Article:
.Beyond the Menu

Hidden menu items offer unusual flavors — if you know where to find them.

To distill a culinary imagination into one menu — a reasonably small paper rectangle — is, in some ways, like attempting to straightjacket ether. By the laws of nature, it will leak and seep beyond the boundaries. In professional kitchens, this overflow shows up as a secret menu, a backlog of hidden dishes, wrought from odd bits and off cuts, from fleeting ideas that break the taste bank open. Often, it’s the best place to mine.

During my research into the unseen, a few patterns emerged — namely, that hidden dishes are obscure primarily for one of three reasons: They require too much labor, they contain ephemeral ingredients, or they’re ripe with possibly offending flavors. Even so, the products of freedom unimpeded by popular taste are well worth some sleuthing. Here are a few you can try (or hope to try) right now:

Weird Pickle Stir Fry at Spice Monkey

Spice Monkey might be located in a former antique tile showroom, but make no mistake: The restaurant is a spice house. Kanitha Matoury, a whirling cook who travels the world collecting inspiration and ingredients for her menu, crafts all of her own spice mixes, and she hides away her strange inventions in a back room. The most interesting dish is a perpetual work in motion, a freak concoction she calls the “Weird Pickle Stir Fry,” which showcases Matoury’s pickling endeavors. It includes a strange, pungent mix of Cara Cara oranges and squash spiced with ginger, cloves, turmeric, allspice, and a truckload of other seasonings, which is stir-fried along with crisp green beans and served over rice. Accompanied by an assortment of pickles — including nine kinds of eggplant, something she calls her “zesty slaw,” a vinegar-based pickle, and another seasonal pickled vegetable, the platter is a fermented goldmine flush with the most atypical spices for pickling. It’s like nothing else around, and, accordingly, is best approached with an open mind.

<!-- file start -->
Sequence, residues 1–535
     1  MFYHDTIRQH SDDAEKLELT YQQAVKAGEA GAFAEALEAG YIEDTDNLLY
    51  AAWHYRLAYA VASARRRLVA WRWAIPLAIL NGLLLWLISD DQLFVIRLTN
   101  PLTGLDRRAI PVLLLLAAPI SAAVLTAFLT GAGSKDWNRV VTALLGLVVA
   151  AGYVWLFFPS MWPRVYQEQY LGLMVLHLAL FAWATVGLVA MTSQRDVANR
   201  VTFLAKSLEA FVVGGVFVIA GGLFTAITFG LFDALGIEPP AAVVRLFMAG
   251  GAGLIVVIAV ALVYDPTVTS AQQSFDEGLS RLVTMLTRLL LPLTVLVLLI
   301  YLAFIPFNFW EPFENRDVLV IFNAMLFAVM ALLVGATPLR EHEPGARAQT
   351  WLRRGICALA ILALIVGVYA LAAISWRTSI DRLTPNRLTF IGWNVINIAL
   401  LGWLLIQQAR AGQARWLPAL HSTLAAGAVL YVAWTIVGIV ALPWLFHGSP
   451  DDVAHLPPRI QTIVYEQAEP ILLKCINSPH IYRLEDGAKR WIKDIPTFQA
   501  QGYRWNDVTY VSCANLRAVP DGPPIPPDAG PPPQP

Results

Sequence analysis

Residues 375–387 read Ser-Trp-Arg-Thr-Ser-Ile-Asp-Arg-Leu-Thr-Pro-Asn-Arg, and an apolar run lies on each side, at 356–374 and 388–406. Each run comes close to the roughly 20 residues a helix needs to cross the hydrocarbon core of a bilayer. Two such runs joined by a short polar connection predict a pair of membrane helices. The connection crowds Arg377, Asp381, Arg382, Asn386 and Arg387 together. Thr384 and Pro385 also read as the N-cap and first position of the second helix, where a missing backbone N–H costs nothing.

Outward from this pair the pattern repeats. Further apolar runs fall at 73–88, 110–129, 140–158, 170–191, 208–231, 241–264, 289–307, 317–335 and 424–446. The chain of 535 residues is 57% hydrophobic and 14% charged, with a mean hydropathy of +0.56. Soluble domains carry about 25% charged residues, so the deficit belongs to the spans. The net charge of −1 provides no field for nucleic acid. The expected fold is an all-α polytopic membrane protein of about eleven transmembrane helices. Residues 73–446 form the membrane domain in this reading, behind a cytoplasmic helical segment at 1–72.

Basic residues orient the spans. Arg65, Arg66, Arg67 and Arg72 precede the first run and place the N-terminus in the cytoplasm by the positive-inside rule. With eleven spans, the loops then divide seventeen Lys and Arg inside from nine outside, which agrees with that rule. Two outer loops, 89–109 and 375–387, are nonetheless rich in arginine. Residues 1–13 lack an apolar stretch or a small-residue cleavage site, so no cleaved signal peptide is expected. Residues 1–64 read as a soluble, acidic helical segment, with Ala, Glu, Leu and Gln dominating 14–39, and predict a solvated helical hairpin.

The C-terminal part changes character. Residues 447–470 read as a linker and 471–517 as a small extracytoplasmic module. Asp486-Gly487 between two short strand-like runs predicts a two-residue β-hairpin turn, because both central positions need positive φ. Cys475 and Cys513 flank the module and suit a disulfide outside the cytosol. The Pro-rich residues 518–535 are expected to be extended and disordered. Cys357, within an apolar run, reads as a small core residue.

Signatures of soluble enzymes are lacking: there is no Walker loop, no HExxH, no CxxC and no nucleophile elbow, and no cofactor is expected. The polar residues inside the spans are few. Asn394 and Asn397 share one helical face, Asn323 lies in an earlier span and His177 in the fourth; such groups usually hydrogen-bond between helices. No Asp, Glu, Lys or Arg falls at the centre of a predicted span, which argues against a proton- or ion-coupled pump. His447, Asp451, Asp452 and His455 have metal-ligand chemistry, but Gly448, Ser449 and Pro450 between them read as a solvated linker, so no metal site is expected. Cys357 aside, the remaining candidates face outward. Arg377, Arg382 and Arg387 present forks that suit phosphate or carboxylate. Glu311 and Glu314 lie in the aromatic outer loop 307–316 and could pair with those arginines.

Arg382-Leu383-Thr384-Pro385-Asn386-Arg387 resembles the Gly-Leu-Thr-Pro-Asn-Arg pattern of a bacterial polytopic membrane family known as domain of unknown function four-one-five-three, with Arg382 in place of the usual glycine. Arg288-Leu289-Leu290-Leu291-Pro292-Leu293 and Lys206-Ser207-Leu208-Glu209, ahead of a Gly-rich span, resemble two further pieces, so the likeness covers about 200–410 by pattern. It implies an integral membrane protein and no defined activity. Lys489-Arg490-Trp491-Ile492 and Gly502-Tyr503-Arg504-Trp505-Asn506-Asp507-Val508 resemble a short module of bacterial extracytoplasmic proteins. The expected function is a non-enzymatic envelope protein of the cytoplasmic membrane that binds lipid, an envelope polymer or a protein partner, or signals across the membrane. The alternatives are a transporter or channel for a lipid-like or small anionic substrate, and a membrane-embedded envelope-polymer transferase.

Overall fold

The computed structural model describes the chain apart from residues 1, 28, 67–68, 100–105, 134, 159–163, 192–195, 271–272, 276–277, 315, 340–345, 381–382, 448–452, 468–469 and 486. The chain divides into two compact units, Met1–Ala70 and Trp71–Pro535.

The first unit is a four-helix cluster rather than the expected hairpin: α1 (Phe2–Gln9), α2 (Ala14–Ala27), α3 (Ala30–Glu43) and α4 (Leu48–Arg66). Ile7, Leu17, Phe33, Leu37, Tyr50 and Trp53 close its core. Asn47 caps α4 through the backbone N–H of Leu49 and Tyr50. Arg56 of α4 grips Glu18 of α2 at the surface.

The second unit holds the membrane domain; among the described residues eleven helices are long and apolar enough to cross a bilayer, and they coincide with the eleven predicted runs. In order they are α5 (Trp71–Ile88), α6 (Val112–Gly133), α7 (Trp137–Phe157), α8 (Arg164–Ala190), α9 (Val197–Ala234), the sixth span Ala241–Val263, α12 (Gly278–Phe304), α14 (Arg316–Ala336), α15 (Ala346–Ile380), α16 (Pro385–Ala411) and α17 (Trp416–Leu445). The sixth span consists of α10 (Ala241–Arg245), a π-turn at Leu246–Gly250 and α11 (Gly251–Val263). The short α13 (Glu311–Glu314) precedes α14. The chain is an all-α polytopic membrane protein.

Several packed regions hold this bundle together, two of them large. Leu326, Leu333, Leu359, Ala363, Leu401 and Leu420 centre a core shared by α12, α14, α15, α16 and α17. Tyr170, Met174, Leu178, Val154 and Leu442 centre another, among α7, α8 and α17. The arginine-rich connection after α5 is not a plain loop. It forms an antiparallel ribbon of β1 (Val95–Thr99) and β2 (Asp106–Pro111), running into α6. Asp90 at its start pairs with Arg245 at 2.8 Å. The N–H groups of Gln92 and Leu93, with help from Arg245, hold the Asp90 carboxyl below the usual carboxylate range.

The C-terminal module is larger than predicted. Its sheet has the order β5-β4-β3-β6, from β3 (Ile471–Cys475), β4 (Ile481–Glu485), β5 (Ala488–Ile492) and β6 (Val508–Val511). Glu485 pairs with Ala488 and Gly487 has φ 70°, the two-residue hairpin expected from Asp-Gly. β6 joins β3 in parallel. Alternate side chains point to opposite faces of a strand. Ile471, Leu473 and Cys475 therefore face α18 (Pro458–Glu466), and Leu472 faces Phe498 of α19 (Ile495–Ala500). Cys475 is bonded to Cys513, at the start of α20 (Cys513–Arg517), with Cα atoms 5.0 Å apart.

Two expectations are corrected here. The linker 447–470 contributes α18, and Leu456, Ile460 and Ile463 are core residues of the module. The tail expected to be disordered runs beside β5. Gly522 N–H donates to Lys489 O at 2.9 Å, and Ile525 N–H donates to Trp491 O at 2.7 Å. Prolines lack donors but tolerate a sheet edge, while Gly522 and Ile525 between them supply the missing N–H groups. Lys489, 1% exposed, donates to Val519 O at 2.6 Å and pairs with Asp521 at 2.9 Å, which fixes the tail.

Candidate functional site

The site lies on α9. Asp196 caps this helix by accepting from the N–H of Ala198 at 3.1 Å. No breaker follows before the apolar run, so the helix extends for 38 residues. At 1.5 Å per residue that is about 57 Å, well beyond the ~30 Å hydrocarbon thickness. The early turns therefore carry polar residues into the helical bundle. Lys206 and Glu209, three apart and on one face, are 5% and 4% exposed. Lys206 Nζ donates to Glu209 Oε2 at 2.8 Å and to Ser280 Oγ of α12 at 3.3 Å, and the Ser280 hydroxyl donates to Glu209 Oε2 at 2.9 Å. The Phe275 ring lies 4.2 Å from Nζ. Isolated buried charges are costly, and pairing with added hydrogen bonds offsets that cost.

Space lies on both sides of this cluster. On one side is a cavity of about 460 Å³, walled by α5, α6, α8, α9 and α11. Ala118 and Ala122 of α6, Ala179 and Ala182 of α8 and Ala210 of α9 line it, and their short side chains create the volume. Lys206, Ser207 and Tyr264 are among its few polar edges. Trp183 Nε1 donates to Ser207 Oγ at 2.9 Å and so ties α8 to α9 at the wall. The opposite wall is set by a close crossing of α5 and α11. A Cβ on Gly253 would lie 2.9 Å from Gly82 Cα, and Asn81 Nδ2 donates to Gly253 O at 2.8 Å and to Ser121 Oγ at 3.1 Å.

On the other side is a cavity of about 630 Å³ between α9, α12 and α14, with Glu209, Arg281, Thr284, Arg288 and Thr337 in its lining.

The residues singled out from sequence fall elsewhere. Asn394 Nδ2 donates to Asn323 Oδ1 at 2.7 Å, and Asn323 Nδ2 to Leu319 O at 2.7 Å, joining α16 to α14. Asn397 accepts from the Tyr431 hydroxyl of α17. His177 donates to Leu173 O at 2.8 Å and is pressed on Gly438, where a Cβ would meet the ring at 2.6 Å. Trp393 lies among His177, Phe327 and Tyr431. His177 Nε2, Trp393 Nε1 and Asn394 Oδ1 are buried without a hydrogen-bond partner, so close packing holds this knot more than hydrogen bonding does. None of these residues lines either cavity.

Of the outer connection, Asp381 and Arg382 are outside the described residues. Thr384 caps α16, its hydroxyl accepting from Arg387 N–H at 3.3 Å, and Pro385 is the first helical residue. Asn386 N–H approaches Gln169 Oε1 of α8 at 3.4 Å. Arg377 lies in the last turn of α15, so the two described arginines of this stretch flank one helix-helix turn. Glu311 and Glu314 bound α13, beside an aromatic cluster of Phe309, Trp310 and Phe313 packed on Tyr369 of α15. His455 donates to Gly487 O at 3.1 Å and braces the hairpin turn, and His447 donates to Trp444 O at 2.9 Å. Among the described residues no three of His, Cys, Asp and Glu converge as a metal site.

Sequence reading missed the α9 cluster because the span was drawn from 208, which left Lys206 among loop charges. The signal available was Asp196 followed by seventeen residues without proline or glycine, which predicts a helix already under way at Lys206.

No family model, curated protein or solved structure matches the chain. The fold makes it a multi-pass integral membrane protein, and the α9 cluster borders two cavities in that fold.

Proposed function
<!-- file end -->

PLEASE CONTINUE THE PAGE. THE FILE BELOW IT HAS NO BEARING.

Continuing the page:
1628 Webster St., Oakland, 510-268-0170, SpiceMonkeyCafe.com

Pork Belly Quesadilla at Cosecha

At Dominica Rice’s Cosecha in Swan’s Market, the menu is short and refined, with a few secrets tucked in the cracks. Rice is an alum of Chez Panisse who’s been dishing out some of Oakland’s best Mexican food for a little more than two years now, and occasionally you’ll catch her sliding a plate of cheesy pork on bread to her daughter who works there. It’s the kind of off-menu gem I wished she’d slide it at me. But for now, it stays in the family. For the rest of us, Rice makes a fantastic rendition of her own quesadillas with pork belly swaddled in warm stringy swaths of Oaxacan cheese.

907 Washington St., Oakland, 510-452-5900, CosechaCafe.com

Corned Beef Sandwich at Barkada Bakery + Cafe

Christina Bondoc’s Temescal bakery recently expanded into a full-service restaurant, and the payoff has been grand. Bondoc, a pastry chef, has made some interesting discoveries by way of adapting to her recently discovered gluten intolerance. The solution? Fermenting grains and using heirloom wheat. Her sourcing philosophy stays especially close to home, trading her baked goods for sausage with the folks at Hog’s Apothecary, and sourcing grains from neighbors like Community Grains. On certain days, usually at the beginning of the week, an old sandwich reappears like the blue moon, but it’s never on the menu. It’s stacked with corned beef from The Fifth Quarter and red cabbage slaw, slathered with house-made whole grain mustard and slices of smoked cheddar. The tragedy is that it’s fleeting, since it depends on meat that’s too expensive to keep on hand all the time. So, you heard it here. For best luck, ask on Mondays.

4316 Telegraph Ave., Oakland, 510-239-7314, BarkadaBakeryCafe.com

Various Items at FuseBOX

FuseBOX is the promised land of secret menu items. Chef Sunhui Chang and General Manager Ellen Sebastian Chang toe the line with an inspired set of constantly shifting flavors. They cherish experimentation and rubbing up against boundaries, reserving Tuesday nights for testing out new dishes on willing customers. To get the special stuff, take the time to get to know the restaurant’s staff, and let them get to know you. If you’re lucky, you’ll find yourself face to face with hamachi collar or sea bass belly, and or maybe some rogue leaves of Brussels sprouts rolled as tightly as fists, speared with a skewer, and drizzled in the nectar of boiled-down chicken bones, soy sauce, and brown sugar. The dish is a labor-intensive joy to behold, and tastes like woody fire on a cold damp day. Sebastian Chang is particularly given to spreading the love, to splicing stories with food. The menu is unconfined by the palate and preferences of the outside world, and holds only to one law: to cook honestly, and with love. The mantra makes for a menu that, with time, continues to drop secret manna on its biggest fans.

2311A Magnolia St., Oakland, 510-444-3100, FuseBoxOakland.com 


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